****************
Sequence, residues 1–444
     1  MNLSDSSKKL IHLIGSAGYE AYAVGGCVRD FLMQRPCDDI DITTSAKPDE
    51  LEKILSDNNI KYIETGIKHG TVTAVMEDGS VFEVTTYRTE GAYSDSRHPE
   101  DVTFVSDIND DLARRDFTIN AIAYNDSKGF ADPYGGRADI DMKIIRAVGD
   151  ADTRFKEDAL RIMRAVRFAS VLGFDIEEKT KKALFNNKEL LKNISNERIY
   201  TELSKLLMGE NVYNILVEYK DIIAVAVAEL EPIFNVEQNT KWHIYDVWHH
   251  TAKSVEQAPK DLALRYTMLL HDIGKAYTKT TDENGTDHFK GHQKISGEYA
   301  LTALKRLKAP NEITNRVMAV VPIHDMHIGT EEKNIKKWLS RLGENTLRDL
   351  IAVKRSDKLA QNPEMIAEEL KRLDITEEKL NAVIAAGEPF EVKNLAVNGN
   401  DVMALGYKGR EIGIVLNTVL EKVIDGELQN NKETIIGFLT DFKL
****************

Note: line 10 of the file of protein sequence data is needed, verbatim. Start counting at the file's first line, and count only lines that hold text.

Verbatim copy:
   401  DVMALGYKGR EIGIVLNTVL EKVIDGELQN NKETIIGFLT DFKL